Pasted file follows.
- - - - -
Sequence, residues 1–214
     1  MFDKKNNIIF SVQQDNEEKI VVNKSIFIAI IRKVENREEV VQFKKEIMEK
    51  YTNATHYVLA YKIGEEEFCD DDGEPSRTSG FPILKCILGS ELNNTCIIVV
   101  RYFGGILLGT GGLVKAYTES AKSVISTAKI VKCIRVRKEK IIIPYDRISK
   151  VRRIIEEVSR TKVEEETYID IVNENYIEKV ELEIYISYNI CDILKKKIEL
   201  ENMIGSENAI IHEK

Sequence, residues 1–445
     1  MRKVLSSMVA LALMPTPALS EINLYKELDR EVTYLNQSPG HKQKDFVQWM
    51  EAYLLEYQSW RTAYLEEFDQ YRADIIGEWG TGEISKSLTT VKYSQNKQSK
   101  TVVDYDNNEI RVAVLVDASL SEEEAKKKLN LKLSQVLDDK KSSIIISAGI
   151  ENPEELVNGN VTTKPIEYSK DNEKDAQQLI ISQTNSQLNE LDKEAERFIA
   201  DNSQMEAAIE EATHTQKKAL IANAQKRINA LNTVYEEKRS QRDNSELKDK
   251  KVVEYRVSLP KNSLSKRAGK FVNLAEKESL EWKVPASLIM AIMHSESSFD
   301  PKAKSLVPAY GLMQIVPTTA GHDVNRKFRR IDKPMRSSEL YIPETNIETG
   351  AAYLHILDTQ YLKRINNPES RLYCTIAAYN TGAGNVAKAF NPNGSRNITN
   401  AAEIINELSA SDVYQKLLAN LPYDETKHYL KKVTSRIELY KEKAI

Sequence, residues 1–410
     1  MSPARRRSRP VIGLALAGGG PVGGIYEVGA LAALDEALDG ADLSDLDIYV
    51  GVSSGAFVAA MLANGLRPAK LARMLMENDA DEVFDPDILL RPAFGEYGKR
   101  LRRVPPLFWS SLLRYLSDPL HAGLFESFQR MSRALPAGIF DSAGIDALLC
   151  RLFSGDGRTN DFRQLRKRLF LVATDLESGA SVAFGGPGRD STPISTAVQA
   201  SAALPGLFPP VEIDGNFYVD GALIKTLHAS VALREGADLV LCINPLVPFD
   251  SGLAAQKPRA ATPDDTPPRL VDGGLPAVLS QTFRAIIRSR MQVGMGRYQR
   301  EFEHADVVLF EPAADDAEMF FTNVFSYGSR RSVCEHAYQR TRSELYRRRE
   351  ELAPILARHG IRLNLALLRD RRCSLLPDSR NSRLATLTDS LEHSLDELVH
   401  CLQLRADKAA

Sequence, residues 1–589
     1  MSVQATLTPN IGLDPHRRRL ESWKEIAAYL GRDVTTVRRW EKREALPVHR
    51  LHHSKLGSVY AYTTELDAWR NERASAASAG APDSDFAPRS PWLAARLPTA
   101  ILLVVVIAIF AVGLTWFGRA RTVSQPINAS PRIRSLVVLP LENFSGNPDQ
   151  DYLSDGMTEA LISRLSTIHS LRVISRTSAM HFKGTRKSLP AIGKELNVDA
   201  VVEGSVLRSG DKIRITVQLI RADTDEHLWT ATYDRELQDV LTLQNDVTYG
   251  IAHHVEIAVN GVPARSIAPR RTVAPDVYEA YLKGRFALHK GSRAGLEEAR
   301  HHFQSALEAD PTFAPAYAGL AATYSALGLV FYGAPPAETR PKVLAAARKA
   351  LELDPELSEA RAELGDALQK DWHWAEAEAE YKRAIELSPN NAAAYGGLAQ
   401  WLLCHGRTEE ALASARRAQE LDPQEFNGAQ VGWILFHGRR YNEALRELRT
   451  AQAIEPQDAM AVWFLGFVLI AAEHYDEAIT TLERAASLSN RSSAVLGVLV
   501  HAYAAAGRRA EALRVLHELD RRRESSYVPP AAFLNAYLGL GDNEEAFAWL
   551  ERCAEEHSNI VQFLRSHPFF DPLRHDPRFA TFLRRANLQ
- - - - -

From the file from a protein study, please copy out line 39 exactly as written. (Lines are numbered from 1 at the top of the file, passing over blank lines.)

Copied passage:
   551  ERCAEEHSNI VQFLRSHPFF DPLRHDPRFA TFLRRANLQ